Learning to play the piano is never easy. Buying a piano, like buying anything you are not familiar with, can be complicated too. With Donner Music, you can find one-stop solutions to learn and buy the ideal piano for you.
What Kinds of Pianos Are Best for Beginners?
You are not learning the piano until you get your hands on it. That said, you still need to know some essential things. The first thing is to know the difference between acoustic pianos and digital pianos.
Acoustic pianos are what we mostly see in theaters and concerts. They generate sounds by transforming the force on keys with a mechanical hammer structure. Usually, acoustic pianos tend to be large and heavy. Its tuning and maintenance require professional personnel to operate on-site.
On the contrary, digital pianos generate sounds through electronic signals. Without the mechanical acoustic structure, a digital piano tends to be very compact. Some variants like keyboard pianos can even be quite portable. As its tuning can be done with simple digital adjustment.
That's why we recommend beginners start learning the piano with digital pianos. We've written an in-depth article on how to make sure a digital piano is best for learning to play the piano.
How to Choose a Digital Piano for Beginners
Once we've decided to start learning the piano with a digital piano, the next question is how to choose a digital piano. Here are five things you need to know before buying a digital piano for beginners.
First, make clear the types of digital pianos. There are upright digital pianos and portable digital pianos. The latter includes keyboards.
Upright pianos come in a nice enclosure that resembles an acoustic piano. Compared with keyboards, they are more classic-looking and therefore more decorative for homes. Popular upright pianos include DDP-100 and DEP-10.
The Donner DDP-100 is an 88-key upright digital piano with fully-weighted keys to simulate the genuine hammer touch. With multiple MIDI/USB/Audio jacks and Bluetooth connectivity, it's suitable for both beginners and pros.
Featuring 128 note polyphony and 8 premium sound libraries, the DEP-10 with half-weighted hammer keys gives a more sensitive touch response to your playing.
Once you know the differences between upright and portable digital pianos, you are good to proceed to choose the right piano for you. In How to Choose a Digital Piano for Beginners, Donner experts give detailed guidance on how to select a digital piano based on your budget, environment, and expectation.
Key Features of Digital Pianos to Consider
The sound quality of digital pianos depends heavily on electronic components. Always look for digital pianos with the best output section.
A shortcut is to look for pianos with larger storage and memory, as better sound profiles usually need a larger capacity to store and playback.
Key Response and Sensitivity
The weight, feeling, and response of the keyboard are important factors in any keyboard purchase. While acoustic pianos can give your fingers feedback physically, digital pianos usually simulate that feedback with weighted keys. The keys on digital pianos can be weighted, semi-weighted, or fully weighted.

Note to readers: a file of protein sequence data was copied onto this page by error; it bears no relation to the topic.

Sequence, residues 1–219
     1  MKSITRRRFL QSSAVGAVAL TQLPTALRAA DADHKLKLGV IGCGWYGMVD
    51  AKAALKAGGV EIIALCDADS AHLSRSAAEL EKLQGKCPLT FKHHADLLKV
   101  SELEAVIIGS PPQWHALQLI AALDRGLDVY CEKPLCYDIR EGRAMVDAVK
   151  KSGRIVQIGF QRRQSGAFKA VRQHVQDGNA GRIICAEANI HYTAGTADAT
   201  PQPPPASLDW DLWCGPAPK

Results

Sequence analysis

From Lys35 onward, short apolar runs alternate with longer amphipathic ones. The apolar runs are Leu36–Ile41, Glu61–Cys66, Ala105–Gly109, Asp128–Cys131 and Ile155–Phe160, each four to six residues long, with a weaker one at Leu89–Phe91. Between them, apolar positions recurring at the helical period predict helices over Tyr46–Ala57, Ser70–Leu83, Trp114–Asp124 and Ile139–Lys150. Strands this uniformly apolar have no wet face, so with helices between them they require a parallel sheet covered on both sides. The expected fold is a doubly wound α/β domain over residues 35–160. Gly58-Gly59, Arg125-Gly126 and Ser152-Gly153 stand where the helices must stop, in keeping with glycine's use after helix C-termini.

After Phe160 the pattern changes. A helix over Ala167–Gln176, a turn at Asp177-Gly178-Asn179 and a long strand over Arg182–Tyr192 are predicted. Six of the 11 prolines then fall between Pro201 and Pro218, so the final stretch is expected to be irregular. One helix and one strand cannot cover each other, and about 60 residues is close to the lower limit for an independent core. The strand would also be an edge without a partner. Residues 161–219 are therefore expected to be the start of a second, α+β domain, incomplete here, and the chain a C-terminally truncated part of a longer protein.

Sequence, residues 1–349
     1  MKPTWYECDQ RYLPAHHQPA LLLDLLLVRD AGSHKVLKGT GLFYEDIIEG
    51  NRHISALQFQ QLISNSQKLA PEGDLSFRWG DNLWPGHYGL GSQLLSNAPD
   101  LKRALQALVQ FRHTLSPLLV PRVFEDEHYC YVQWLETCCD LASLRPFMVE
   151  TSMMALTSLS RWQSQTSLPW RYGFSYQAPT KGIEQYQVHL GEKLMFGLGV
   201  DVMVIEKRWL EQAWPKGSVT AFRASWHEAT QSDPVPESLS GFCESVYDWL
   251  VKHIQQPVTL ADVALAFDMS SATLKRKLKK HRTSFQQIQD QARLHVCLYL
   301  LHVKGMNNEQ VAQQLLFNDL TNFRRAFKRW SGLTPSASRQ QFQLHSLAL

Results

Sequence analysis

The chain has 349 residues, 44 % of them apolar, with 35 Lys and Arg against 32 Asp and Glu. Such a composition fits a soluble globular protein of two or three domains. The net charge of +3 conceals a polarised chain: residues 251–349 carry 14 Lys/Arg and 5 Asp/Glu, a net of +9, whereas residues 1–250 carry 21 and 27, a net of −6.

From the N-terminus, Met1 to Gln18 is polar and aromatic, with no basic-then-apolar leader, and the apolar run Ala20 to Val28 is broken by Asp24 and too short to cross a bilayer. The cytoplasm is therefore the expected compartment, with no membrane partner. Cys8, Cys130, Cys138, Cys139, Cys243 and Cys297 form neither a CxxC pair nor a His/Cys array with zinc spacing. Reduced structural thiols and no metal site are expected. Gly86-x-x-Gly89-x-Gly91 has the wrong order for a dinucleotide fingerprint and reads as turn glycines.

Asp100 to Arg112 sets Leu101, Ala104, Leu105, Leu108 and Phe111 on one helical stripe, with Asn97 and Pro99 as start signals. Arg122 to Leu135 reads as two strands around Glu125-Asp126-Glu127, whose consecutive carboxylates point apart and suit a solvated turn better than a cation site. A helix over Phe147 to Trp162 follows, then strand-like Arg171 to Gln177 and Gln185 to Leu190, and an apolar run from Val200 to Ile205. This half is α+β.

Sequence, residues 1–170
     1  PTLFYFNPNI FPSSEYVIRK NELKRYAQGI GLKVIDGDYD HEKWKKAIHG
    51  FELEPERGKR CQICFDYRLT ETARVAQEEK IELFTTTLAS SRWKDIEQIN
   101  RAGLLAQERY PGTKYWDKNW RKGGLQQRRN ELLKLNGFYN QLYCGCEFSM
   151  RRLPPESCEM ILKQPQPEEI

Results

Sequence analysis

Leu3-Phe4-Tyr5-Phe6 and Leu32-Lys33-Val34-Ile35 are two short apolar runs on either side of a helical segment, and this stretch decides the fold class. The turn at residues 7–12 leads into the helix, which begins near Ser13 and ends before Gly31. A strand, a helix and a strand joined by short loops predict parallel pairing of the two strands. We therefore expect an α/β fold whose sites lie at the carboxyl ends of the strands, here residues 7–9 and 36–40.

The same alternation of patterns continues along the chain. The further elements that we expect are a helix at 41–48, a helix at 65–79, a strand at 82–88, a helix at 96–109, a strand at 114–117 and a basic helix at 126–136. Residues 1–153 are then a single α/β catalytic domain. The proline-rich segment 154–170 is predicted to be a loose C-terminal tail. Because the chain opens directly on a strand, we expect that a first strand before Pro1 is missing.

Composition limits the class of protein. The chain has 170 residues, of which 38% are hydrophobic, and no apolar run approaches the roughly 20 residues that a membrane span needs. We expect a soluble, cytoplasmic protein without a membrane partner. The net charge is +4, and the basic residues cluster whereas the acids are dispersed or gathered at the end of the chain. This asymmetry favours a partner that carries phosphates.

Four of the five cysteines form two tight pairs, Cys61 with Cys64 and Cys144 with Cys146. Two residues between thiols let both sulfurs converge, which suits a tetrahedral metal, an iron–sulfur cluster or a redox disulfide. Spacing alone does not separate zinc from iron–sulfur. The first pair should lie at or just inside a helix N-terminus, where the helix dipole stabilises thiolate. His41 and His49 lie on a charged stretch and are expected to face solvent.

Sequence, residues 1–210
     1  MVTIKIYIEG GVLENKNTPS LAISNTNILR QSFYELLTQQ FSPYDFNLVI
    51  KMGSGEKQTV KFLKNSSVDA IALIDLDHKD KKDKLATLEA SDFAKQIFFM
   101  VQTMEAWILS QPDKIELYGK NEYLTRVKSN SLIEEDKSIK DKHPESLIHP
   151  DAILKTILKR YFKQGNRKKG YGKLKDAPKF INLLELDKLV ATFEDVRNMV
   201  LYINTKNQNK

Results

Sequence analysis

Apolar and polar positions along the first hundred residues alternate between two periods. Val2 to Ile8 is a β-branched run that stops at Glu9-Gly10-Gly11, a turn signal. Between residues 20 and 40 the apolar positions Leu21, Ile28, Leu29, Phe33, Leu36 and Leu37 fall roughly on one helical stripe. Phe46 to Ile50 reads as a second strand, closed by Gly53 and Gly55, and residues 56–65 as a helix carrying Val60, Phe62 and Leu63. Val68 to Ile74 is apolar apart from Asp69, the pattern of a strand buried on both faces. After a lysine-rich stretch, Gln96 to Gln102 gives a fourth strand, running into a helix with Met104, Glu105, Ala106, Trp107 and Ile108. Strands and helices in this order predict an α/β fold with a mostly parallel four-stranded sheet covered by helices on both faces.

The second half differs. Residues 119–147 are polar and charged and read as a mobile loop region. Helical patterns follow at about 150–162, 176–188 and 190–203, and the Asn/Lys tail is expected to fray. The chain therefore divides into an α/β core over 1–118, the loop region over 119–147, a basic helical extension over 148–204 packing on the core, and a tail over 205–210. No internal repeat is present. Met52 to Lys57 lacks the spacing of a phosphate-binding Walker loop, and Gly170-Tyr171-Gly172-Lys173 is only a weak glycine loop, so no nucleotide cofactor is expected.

Weighted ones feel closest to mechanic pianos. Fully-weighted keys are an upgrade to weighted keys as they incorporate linear weighting. This means that lower notes feel heavier than they would on an acoustic piano.
The sensitivity of the keys is also an important factor. Velocity sensors can capture how fast and hard you hit the keys and play the corresponding sounds. High-end digital pianos capture the most subtle changes in your strike and then determine the timbre and volume of the sounds.
Number of Tones
It is great to have all kinds of instruments' sounds in one: acoustic pianos, drums, string instruments, as you name it.
However, don't put quantity over quality. It may seem intriguing at first, but always look for a digital piano with the best piano sound within your price range.
Polyphony is the number of notes a piano can play at the same time. Normal models provide 32-note and 64-note polyphony. You can begin with a piano that has 32 notes. The greater the polyphony, the better. You can go with 128 notes and even higher for more advanced playing.
Amplification and Expansion
If you play the piano mostly at home, having an amplifier that sounds good is important. If you are looking to play shows, then make sure that your piano has the right outputs to plug into a public address (PA) system.
Backtracking and Tools
Manufacturers often incorporate functions that help beginners practice straight out of the box, such as the ability to play back certain rhythmic patterns at various speeds.
Practicing aside a metronome is always recommended for beginners to develop a sense of rhythm.
What Are Other Kinds of Digital Pianos?
If upright digital pianos and keyboards have been too familiar to you, you can look further into special kinds of digital pianos, such as MIDI keyboards that are small, full of knubs, and produce unique sound effects.
You can also learn something about synthesizers, or simply "synths". They are used by music creators but are also good tools for amateurs to learn music basics and production knowledge. Here is a professional musician's review of Donner's most popular B1 bass analog synthesizer, by musician David Hilowitz.
In addition to its classic design, the B1 synth is very versatile in regard to input and output options. Read the article to see why David spoke so highly of its performance-price ratio and design.
Things to Know Before Learning the Digital Piano
If you have decided to start learning with a digital piano, especially with an electric keyboard, here is a great article on how to start learning digital pianos. It lists the top things you need to consider and prepare, such as the fundamental setup, the sitting position that won't hurt, and the right places to seek free tutorials.